Though temperatures can rise and fall across the country, one thing remains constant: the temperature of the Earth beneath your feet. Right at this moment, the heat of the Earth burns hot. Deep beneath the surface, the temperature increases at an average rate of 1°F for every 70 feet in depth. Tectonic and volcanic regions are bringing pockets of higher temperatures even closer within reach.
Geothermal heating and cooling technology harness the Earth's heat up to six times more efficiently than standard electrical energy. Now is the time to learn more about the trend of geothermal HVAC technology and how it can benefit your customers.
What is a Geothermal HVAC System, And How Does it Operate?
As an all-in-one heating and cooling solution, geothermal HVAC systems tap into the consistent underground temperature of Earth for an exchange of energy. Although areas around the country experience varying climates and seasonal changes, the temperature underground remains constant to provide heating and cooling all year long. To better understand why a geothermal HVAC system could be a top choice for your customers, you must know how it operates first.
An electric-powered heat pump circulates a heat-absorbing liquid, such as refrigerant or water, to harness the power of geothermal heat energy. The heat pump sends the fluid into a subterranean network of pipes, where warmer soil and rock raises its temperature. The heated liquid is then pumped back into the home or business, where an exchanger pulls the heat energy from the liquid and distributes it into the HVAC system. Once the heat is pulled, and the liquid has cooled, it's then pumped back underground where the process restarts.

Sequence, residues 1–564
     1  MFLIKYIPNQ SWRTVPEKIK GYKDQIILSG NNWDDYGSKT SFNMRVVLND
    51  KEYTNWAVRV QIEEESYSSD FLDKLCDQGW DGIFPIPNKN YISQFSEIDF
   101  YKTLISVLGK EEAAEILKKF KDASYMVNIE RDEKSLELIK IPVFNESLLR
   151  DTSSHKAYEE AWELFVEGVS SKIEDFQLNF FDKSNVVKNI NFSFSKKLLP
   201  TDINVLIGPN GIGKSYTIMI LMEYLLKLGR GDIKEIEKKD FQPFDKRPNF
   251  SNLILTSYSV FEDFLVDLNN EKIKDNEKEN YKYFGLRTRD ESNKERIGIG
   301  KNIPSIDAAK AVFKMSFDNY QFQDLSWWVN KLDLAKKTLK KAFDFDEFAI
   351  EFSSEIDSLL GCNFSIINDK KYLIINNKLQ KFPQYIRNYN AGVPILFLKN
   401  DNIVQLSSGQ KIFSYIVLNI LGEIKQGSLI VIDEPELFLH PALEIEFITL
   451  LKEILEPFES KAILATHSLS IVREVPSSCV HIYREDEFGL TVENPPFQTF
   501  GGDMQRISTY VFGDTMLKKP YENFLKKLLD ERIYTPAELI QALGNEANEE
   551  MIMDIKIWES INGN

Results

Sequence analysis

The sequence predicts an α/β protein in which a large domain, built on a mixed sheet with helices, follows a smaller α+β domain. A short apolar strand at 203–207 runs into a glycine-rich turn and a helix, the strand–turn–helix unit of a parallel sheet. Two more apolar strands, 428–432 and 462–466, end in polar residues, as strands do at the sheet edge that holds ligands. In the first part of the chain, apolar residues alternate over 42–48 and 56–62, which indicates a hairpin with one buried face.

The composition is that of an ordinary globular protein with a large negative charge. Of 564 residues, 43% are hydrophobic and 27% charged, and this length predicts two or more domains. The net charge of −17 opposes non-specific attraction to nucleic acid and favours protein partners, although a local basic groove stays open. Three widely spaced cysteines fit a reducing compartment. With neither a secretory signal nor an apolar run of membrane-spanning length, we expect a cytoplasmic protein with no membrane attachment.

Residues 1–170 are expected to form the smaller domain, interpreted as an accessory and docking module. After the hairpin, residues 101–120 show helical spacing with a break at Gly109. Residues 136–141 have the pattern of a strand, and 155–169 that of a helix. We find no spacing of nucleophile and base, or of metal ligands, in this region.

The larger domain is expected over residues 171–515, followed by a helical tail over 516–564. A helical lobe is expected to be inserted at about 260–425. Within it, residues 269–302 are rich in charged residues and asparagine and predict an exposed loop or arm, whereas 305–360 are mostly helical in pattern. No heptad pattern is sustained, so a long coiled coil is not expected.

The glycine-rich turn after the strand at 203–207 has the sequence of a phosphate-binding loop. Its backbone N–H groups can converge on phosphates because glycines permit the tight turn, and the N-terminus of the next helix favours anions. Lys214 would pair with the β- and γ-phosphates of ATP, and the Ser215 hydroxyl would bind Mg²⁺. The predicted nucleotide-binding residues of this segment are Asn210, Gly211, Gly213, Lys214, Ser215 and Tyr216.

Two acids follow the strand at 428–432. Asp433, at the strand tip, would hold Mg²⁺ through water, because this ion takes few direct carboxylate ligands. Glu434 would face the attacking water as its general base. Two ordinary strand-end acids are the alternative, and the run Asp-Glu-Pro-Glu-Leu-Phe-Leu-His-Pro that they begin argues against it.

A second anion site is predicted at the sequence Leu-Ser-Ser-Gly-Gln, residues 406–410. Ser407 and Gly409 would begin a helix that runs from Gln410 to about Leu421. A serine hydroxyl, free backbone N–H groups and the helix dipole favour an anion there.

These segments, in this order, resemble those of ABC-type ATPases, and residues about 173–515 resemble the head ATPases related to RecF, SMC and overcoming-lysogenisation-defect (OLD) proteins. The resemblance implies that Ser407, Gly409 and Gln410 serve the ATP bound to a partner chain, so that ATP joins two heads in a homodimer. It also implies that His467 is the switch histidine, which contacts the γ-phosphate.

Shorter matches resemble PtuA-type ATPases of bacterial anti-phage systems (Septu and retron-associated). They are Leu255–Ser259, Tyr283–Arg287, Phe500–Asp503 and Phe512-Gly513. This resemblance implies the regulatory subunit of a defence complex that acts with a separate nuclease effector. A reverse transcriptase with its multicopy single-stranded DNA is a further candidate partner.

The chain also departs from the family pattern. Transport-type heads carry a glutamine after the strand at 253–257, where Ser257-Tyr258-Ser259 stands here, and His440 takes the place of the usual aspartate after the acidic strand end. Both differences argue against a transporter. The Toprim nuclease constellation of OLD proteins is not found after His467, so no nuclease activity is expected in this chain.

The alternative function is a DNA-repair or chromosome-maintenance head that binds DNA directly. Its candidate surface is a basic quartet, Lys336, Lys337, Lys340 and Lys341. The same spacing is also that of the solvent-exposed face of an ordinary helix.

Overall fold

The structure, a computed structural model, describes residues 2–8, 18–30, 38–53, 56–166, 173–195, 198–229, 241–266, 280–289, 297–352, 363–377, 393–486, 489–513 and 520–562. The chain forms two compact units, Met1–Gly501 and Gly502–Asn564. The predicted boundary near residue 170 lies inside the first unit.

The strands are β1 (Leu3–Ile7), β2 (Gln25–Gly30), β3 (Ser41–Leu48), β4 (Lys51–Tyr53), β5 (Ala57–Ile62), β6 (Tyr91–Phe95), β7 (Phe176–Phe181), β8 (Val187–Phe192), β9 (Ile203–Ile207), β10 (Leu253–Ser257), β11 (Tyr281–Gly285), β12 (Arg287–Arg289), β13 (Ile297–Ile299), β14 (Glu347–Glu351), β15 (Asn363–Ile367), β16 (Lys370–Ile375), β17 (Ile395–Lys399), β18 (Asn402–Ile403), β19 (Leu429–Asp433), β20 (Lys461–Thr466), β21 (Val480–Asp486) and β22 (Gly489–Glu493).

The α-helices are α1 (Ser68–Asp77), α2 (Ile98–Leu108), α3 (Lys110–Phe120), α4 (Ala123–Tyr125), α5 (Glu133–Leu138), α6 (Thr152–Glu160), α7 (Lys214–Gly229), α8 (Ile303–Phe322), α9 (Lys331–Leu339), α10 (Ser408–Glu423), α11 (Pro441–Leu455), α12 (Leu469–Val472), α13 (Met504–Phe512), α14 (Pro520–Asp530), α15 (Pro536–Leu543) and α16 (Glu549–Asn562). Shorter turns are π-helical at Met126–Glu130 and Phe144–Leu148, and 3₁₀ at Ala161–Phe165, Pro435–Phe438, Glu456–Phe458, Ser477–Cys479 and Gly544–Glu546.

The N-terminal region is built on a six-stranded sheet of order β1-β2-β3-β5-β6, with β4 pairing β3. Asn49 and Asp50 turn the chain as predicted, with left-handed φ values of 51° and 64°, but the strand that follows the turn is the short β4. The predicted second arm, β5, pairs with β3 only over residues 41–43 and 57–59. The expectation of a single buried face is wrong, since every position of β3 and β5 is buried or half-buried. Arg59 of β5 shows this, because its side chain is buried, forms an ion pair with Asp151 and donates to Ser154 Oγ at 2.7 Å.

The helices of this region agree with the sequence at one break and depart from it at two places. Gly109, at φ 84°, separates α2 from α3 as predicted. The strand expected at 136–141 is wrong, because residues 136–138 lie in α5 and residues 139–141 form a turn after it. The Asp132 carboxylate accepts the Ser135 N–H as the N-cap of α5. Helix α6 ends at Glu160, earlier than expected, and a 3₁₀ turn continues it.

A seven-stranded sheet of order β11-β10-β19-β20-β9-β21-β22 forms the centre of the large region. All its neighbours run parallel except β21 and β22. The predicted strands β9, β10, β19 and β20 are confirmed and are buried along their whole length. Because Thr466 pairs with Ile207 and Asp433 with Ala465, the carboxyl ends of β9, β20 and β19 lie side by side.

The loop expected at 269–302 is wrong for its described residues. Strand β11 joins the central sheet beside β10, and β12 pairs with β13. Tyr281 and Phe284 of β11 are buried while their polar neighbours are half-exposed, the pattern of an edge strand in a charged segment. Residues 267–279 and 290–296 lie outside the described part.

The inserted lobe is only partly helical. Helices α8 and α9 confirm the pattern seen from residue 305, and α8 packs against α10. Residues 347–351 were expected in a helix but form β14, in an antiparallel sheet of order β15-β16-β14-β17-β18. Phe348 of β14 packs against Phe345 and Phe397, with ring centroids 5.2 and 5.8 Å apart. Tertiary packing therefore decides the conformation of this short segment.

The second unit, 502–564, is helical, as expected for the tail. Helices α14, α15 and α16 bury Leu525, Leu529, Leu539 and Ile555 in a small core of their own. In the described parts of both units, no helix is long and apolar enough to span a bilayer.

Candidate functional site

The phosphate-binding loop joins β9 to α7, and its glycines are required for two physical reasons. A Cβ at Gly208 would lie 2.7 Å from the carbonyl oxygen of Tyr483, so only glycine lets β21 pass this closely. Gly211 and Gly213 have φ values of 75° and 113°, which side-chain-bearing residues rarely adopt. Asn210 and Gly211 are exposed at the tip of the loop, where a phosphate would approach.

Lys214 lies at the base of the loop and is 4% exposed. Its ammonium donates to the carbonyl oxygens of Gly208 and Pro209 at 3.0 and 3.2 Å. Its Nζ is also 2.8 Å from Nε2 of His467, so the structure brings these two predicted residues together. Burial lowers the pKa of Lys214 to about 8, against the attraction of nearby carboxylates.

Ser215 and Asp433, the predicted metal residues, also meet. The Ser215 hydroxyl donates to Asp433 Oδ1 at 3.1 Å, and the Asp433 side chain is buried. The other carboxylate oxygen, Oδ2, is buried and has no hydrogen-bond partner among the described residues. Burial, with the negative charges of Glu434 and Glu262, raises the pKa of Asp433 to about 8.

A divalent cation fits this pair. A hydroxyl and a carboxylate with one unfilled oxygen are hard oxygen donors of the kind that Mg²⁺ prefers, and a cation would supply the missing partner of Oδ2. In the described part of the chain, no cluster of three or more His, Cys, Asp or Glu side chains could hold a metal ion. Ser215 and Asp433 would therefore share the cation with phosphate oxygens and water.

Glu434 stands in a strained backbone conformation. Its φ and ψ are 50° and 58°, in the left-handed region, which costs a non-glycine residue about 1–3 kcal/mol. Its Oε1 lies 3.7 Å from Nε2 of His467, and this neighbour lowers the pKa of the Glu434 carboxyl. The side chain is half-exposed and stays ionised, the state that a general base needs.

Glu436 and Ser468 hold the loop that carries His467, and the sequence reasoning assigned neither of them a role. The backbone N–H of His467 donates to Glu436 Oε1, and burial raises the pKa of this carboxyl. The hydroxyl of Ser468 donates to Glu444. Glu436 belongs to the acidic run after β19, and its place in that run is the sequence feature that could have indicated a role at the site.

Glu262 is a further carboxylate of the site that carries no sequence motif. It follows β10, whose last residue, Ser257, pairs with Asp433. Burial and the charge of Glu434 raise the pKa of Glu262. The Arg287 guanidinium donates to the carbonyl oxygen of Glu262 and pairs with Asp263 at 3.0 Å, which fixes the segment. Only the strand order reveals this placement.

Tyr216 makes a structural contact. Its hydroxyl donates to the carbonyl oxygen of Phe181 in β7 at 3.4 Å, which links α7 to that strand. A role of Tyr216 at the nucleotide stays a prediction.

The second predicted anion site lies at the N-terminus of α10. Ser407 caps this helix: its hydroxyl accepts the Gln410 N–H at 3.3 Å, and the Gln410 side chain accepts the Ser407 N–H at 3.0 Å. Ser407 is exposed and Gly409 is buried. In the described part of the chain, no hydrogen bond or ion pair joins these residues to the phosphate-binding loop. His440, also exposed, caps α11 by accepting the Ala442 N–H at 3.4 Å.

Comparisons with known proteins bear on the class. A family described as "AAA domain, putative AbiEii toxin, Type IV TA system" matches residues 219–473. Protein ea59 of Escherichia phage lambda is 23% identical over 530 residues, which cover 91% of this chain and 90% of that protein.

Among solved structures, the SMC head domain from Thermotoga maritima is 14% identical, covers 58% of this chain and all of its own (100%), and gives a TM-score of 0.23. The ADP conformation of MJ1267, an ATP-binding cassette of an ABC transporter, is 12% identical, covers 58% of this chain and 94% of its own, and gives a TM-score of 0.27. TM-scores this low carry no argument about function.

How Does a Geothermal System Cool a Space?
So, how does geothermal technology provide cooling in summer if the system is powered by heat? The answer is quite simple: the geothermal HVAC system will just need to operate in reverse. During the cooling process, heat-absorbing fluid traps heat from the home's circulating air supply. The heat is then pushed out of the house and back under the Earth's surface.
During warmer summer and spring months, subterranean temperatures remain roughly 55°F cooler than above surface temperatures. This variance in temperature helps the hot liquid pumped from the home to cool underground. The cooled fluid is then recirculated into the house, where it can be used to lower the temperature of the space.
What are the Different Types of Geothermal Systems?
The type of geothermal system you utilize will depend on a variety of factors, including the size of the space you're heating and cooling as well as where the system is located. Currently, there are three main technologies used to harness and distribute geothermal energy: ground source heat pumps, direct use systems, and deep and enhanced systems.
Ground Source Heat Pumps